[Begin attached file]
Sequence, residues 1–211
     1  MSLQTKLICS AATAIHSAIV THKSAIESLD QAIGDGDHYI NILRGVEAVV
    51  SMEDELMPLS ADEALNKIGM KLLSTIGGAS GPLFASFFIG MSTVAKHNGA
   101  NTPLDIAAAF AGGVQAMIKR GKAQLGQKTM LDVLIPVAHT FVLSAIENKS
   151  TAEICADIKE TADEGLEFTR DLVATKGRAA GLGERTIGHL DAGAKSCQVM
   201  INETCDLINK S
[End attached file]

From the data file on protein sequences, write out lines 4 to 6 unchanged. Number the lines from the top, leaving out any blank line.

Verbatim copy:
   101  NTPLDIAAAF AGGVQAMIKR GKAQLGQKTM LDVLIPVAHT FVLSAIENKS
   151  TAEICADIKE TADEGLEFTR DLVATKGRAA GLGERTIGHL DAGAKSCQVM
   201  INETCDLINK S